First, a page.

‘I cannot arrest my way out of County Lines’ - Norfolk chief constable calls for more unity to tackle roots of drugs issue
PUBLISHED: 13:42 05 February 2019 | UPDATED: 13:42 05 February 2019
The chief constable of Norfolk has said organisations across the county need to work better together to help solve society’s problems - because he “cannot arrest” his way out the County Lines problem.
Simon Bailey said there needs to be more “joined up thinking” to tackle the issues affecting the most vulnerable people in Norfolk.
The County Lines issue has seen drug dealers from bigger cities such as London targeting places such as Norwich.
Children are being used as ‘mules’ by those dealers to peddle the drugs, while vulnerable adults are being ‘cuckooed’, with their homes taken over for the purpose of drug dealing.
Norfolk police have been trying to deal with the issue through Operation Gravity, with arrests and convictions of those exploiting people.
But Mr Bailey spoke of the need for a wider solution as he addressed a meeting of the Police and Crime Panel, where an increase of more than 10pc in council tax bills to pay for policing was agreed.
Mr Bailey told the panel, made up of county, borough, district and city councillors and independent members: “We need to start thinking very differently and to start joining it up right across the spectrum.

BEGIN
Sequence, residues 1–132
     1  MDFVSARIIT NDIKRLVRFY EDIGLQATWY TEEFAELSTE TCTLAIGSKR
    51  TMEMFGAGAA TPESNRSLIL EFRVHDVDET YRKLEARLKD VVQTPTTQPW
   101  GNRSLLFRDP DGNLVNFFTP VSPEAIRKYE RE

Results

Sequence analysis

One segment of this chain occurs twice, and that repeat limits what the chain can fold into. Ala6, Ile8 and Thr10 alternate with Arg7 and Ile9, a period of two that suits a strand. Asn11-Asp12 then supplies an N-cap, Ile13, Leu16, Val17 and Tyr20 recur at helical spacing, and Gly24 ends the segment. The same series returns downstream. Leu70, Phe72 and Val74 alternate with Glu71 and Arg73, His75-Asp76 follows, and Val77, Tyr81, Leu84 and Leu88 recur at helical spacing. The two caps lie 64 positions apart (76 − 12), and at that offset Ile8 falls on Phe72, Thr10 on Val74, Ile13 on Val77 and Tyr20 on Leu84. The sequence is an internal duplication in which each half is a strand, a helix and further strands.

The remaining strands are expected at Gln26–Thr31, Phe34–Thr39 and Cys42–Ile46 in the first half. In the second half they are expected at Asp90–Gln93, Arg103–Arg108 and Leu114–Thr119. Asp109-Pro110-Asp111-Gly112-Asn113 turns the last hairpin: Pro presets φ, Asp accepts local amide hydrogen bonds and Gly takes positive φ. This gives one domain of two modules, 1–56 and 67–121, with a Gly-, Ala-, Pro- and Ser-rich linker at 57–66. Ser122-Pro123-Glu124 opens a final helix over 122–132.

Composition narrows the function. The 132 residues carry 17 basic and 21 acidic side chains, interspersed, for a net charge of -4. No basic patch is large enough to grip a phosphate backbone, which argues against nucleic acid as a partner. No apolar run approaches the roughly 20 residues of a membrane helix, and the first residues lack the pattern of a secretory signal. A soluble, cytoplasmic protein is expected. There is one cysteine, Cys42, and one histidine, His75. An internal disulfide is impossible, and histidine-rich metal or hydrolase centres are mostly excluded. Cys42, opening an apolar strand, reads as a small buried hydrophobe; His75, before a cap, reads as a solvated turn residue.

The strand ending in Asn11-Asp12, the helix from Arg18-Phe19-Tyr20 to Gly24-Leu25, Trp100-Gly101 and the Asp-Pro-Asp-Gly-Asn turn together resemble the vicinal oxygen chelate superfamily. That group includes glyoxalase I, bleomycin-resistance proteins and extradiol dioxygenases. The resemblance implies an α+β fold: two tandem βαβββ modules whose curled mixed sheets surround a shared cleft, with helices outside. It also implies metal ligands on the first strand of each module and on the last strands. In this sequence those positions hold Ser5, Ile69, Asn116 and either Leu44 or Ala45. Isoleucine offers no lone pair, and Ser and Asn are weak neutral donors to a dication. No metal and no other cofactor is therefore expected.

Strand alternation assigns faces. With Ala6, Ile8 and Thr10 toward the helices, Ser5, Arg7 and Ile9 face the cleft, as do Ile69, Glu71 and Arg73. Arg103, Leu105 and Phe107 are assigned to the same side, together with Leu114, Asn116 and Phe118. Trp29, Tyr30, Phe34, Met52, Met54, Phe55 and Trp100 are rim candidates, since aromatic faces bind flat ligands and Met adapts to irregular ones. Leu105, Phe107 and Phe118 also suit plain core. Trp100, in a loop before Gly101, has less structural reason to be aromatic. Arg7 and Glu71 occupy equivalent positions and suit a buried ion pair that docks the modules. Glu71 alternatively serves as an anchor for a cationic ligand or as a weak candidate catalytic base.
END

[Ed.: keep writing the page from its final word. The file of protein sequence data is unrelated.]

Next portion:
“There should be a whole system approach to how we deal with the most vulnerable.
“There are vast swathes of the community in Norfolk who are more than capable of looking after themselves, but there are less fortunate individuals who need the whole of the public sector to deliver the services in a really joined up way.
“It’s very easy to hold the police to account, but really difficult questions should be being asked.
“Why does Norwich have the third highest rate of heroin deaths in the county?
“Is that a police problem? It’s my officers and staff who are dealing with that, but I cannot arrest my way out of County Lines.”
Mr Bailey said there was a need for better partnership working, including with councils, the NHS and within Westminster departments.
He stressed partnership working, including with Norfolk County Council’s children’s services, was better than it had been for years.
He said: “There is brilliant work being done, including in the early years hubs.
“Our partnerships are probably as good as they have been in a long time, but does that mean there is not so much more we could do?
“I think there is, if we are going to be able to deal with the most vulnerable people and stop exploitation.”
Norfolk county councillor Martin Storey, a member of the police and crime panel, said of Mr Bailey’s comments that it was “the most common sense I have heard in this meeting for many a time.”
He said: “it’s about people and organisations coming together to do their bit. That makes sense at the end of the day.”
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